to rule through the backdoor when the UDF candidate finally makes it to
State House. Muluzi also ensured that Bingu the candidate is left with
no illusion on who he owes his ticket to State House so that he can
ably do his bidding on state and political matters.

Thanks to Bingu’s sudden and historic change of heart of this piece of
political engineering came to nothing when the President quit UDF to
form his DPP, now a self-acclaimed ruling party. Bingu cited corruption
in UDF for his resignation but commentators suspect some “remote
controlling” from his predecessor (Remember how long it took Bingu to
appoint his first cabinet?).

In fact, later Muluzi admitted his political mistakes to UDF supporters
in Lilongwe and accordingly apologised. After that, we all thought the
man had learned from his mistakes and that he would no longer allow
himself to make unilateral decisions for the party. Unfortunately, old
habits die hard as the saying goes, and Muluzi pulled a surprise, at
least to many people but not to some of us. He announced his desire to
come out of retirement and the strategy was similar to that of the open
and third term bids; test the waters through some district and regional
party leaders while he remains quiet as if he is not interested.

Of course, he later openly declared his interests that saw initial
hopefuls like Brown Mpinganjira, Friday Jumbe and Sam Mpasu withdrawing
their interest “out of respect”.

This brought divisions in the party with emergence of pressure groups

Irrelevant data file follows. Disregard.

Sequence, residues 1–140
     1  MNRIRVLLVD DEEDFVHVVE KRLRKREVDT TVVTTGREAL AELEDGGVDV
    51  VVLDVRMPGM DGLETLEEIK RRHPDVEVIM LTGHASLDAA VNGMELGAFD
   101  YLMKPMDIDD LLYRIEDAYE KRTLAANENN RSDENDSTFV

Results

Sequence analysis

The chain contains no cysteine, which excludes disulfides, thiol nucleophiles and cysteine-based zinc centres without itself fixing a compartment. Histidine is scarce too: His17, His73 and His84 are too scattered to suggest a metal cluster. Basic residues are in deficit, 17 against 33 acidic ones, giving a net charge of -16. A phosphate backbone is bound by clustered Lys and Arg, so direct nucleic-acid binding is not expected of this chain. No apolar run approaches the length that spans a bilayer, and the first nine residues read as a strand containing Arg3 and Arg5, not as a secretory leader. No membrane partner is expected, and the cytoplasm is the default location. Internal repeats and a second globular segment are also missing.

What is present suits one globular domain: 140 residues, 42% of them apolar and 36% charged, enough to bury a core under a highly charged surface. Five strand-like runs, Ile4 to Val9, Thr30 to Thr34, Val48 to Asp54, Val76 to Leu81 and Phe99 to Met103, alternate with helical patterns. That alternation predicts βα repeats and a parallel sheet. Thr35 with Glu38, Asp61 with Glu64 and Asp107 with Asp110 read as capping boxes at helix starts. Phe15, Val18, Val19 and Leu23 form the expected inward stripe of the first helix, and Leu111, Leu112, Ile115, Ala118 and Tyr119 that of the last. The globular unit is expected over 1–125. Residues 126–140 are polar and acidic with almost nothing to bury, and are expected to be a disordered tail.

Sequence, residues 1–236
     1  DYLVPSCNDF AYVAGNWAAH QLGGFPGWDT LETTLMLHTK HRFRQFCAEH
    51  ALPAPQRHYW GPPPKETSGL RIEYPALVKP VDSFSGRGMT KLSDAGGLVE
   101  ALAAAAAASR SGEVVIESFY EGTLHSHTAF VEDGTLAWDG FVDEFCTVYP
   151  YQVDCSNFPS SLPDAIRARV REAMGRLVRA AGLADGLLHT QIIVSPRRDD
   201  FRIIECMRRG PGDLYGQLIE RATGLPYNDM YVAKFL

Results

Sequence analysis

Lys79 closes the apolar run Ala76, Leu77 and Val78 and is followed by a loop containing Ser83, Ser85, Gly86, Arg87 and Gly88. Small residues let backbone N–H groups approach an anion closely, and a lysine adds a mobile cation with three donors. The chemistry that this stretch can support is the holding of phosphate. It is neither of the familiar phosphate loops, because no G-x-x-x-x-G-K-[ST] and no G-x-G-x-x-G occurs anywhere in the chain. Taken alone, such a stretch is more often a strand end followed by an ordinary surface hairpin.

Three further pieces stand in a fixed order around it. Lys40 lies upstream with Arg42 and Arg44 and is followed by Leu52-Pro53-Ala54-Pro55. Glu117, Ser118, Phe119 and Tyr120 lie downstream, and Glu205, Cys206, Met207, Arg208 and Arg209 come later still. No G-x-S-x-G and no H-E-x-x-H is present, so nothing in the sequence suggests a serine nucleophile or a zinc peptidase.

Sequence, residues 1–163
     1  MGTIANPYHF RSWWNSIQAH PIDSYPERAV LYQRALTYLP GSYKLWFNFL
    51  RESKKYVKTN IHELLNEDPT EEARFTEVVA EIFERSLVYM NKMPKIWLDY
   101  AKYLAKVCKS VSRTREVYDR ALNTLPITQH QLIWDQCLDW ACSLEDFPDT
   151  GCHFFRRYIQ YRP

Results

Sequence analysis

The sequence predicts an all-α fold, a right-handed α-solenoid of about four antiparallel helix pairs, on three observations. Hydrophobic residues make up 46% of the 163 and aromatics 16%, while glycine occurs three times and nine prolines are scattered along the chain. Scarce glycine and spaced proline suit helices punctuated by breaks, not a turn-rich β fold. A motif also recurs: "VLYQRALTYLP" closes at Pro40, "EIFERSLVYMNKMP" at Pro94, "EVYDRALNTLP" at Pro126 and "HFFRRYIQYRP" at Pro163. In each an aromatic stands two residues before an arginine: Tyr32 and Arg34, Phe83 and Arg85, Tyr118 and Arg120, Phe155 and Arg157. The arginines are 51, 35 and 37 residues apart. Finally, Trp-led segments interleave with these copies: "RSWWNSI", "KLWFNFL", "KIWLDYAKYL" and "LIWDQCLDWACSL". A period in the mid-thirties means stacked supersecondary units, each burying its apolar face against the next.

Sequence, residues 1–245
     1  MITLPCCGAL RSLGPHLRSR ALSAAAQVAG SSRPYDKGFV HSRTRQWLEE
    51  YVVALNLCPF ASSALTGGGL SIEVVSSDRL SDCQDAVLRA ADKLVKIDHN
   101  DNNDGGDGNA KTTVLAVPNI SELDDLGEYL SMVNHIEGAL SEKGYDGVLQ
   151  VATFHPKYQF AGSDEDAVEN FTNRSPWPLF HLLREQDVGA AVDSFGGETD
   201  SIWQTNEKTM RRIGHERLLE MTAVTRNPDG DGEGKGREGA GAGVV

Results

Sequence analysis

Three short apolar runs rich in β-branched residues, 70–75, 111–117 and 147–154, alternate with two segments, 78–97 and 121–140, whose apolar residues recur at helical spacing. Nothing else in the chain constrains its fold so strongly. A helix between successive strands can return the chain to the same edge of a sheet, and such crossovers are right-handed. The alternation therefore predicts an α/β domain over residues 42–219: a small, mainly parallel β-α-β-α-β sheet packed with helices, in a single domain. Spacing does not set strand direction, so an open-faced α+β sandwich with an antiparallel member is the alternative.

like the Taskforce. For Mpasu, his frustrations reached boiling point
and he could no longer hide them, a development that forced UDF to
strip him off his party spokesman role, accusing him of using it to
attack the party and its leadership. There is talk of discontent
between the other hopefuls although they have seized each and every
opportunity to refute this. We hope only time will tell.

Now there is this jazz about Muluzi ruling out holding primaries in
constituencies where the party has sitting MPs while other party
leaders like Humprey Mvula and Mpinganjira arguing otherwise. Mvula
actually sees no sense in this because some of the sitting MPs might
have not performed to the expectations of electorates and imposing such
MPs on voters could be tantamount to committing suicide. Interestingly,
Muluzi uses an alien understanding of democracy to buttress his stand;
that democracy is based on loyalty and that these MPs have been loyal
to UDF when others abandoned ship to join DPP and hence the need to
reward them with automatic qualification. Muluzi might be posing and
claiming to be a democrat in all this but his statements and actions
smack of dictatorship.

If UDF was not all about Muluzi and vice versa, we would have been
saying that we will wait to see how the issue of holding primaries in
constituencies with sitting MPs would be addressed but do we have to?
Isn’t the conclusion obvious? Only time will tell if Muluzi is the
democrat he claims to be despite clear signs of dictatorship emanating
from his statements and actions.